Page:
ZH: What would you say is your go-to pass rushing move?
JL: The long arm stab man and really just locking that down then stepping through right after that. Just that long arm step through then stepping through and really just that long arm though. I’m a powerful guy and a lot of teams see me as a run stopper but when I’m allowed to pass rush, we were a run stop team first at Georgia, I was in on dime rush packages and I loved doing that man. Everybody loves getting after the QB.
ZH: That leads to my next question. You are a great run stuffer. What is the key to being so good in this area?
JL: It really has a lot to do with pre-snap indicators and knowing the backfield. Also striking, you have to make sure you are striking. You have to make sure you know your alignment and what gap alignment you are in. Are you one gap or two gap? Whether you are going to put your hands straight in his chest or one hand on his shoulder and one on his sternum you know. It comes down to just being powerful with your hands and exploding off and knocking back the lineman. Once you do that, you just gotta control your gap man and if you control your primary then you can move to your secondary.
ZH: The first thing that pops on your film is just your hustle and energy. Is that effort a thing you pride yourself in?
JL: 100%. That is the type of player I am, I am a hustle player. I grind and I want to hunt. That is just me, I’m bringing energy into your locker room with whatever team I’m on. That has been what I’ve been trying to tell these coaches and these scouts, I’m a guy who is going to grind no matter what. It can be one play I’m in or two plays I’m in or even special teams, every play I’m going to grind and I’m going to give you everything I got with all my effort.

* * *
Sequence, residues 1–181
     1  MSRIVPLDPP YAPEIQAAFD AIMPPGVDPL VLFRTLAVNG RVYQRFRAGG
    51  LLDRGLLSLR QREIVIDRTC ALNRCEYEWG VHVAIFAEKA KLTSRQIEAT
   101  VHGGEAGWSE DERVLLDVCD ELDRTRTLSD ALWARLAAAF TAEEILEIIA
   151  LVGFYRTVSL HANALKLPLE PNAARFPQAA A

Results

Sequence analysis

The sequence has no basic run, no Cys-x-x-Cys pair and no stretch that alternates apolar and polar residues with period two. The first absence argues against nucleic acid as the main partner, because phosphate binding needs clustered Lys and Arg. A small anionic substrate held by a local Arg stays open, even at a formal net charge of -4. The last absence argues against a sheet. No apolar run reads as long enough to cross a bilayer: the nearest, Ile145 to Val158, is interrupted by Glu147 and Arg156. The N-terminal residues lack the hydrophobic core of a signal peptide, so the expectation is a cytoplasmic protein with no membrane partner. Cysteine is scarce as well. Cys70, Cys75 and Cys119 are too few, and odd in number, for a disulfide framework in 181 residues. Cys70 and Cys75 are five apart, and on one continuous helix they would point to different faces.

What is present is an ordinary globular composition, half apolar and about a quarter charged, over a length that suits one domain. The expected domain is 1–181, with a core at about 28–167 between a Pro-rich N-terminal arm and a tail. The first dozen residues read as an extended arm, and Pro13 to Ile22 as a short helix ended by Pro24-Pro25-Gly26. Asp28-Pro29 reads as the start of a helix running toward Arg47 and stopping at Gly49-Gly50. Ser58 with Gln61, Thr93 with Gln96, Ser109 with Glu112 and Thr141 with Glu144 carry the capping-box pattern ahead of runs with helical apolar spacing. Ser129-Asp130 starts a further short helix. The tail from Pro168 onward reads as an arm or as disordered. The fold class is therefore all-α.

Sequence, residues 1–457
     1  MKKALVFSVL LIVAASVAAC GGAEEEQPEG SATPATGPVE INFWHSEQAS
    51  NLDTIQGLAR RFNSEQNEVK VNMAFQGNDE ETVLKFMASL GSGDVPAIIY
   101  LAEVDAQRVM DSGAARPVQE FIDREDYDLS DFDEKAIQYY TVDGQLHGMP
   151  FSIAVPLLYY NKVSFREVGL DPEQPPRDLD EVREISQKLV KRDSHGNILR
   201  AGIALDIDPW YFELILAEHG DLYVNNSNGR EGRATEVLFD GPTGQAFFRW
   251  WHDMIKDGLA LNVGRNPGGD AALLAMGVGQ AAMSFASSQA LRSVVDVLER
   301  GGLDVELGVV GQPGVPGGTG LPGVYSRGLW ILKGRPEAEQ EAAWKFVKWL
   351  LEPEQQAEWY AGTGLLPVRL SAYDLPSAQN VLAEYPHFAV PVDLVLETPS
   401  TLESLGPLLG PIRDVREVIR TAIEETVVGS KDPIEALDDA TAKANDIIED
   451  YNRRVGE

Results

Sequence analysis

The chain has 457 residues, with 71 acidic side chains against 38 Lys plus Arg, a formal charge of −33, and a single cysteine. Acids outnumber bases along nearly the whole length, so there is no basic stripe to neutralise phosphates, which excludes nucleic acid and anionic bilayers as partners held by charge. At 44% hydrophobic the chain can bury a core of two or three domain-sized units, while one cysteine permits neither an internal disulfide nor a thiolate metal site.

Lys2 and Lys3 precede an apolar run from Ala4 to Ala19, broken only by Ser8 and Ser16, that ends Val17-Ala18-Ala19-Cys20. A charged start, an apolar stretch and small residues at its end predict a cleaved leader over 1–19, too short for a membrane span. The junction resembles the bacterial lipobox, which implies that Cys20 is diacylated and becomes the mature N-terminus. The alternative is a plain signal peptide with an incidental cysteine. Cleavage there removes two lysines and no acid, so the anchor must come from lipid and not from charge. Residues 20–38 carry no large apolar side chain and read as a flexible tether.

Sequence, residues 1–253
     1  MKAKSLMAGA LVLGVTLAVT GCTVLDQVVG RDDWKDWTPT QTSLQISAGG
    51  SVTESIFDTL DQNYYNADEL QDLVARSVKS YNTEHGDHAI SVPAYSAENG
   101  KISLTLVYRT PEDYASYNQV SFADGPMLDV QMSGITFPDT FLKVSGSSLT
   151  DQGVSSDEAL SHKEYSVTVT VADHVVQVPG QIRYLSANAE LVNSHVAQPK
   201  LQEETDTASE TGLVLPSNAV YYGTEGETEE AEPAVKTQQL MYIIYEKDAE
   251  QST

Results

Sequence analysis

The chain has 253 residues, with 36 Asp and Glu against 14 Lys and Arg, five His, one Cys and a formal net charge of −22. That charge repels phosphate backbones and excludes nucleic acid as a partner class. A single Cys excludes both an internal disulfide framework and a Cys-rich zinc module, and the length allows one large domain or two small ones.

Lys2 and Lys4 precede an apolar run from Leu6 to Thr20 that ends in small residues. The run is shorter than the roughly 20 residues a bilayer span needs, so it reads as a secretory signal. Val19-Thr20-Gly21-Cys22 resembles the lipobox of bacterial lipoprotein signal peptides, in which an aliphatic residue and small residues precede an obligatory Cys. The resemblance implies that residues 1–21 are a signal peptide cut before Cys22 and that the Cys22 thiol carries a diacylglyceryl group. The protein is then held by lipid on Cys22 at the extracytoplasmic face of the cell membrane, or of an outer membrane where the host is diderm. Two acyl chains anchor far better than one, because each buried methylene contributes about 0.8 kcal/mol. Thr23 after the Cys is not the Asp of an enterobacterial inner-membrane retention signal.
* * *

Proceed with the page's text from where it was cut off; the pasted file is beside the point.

ZH: Who was the toughest offensive lineman you had to face in your time at Georgia?
JL: In my time at Georgia, we had him on our team and that was Isaiah Wynn. He was the best offensive lineman that I’ve ever seen in my life. He was on my practice team and he made me better and we made each other better. He was a guy who was fundamentally sound but also worked to perfect his craft. That is just the type of player you want to be around and you want to work with. I’ve seen some great players though. There’s Jawaan Taylor from Florida. He’s physical and he’s fast and agile. Also Jonah Williams from Alabama. He’s fundamentally sound and he’s got a good first step back and he’s athletic and strong up top. Those are the worst type of lineman to face (laughs). Huge, agile, and quick.
ZH: Who in the NFL do you compare yourself most to/model your game after?
JL: I don’t really like to model my game after anyone. I just like to watch teams and watch good football. I don’t want to go to the NFL and be someone else. I want to be me. I want to go in and make my name and make my legacy. There’s molds and techniques that I watch people do, and some people do them better than others, so you just go to the best person. I study everybody across the board in order to be a successful player. If you do one thing well, I’ll study that one thing that you do well to see if I can do it better.
ZH: Final question for you. What is my team getting if they spend a draft pick on Jonathan Ledbetter?
JL: First of all, you are getting a leader. I think that is the most important thing. You are getting a person who is trustworthy and a hard worker. My work ethic is unmatched especially once I step on the field. You can see on film that I play with more effort than anybody else out there. There is not many people who put in that kind of effort, a lot of people say that success in the NFL is straight effort. There’s guys grinding in the league who fail on the first move or second move and they grind to get sacks for effort sacks and effort plays. That is what the NFL is about, bringing effort and energy and being explosive. I’m that type of player and that’s what I’ll bring to every locker room. I’m not afraid to speak up and be a leader.